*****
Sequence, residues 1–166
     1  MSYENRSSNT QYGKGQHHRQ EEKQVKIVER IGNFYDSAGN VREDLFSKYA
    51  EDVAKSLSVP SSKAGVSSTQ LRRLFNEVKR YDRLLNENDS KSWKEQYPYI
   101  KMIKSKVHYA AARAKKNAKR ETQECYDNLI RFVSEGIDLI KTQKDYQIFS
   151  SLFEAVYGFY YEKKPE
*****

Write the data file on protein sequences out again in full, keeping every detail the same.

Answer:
Sequence, residues 1–166
     1  MSYENRSSNT QYGKGQHHRQ EEKQVKIVER IGNFYDSAGN VREDLFSKYA
    51  EDVAKSLSVP SSKAGVSSTQ LRRLFNEVKR YDRLLNENDS KSWKEQYPYI
   101  KMIKSKVHYA AARAKKNAKR ETQECYDNLI RFVSEGIDLI KTQKDYQIFS
   151  SLFEAVYGFY YEKKPE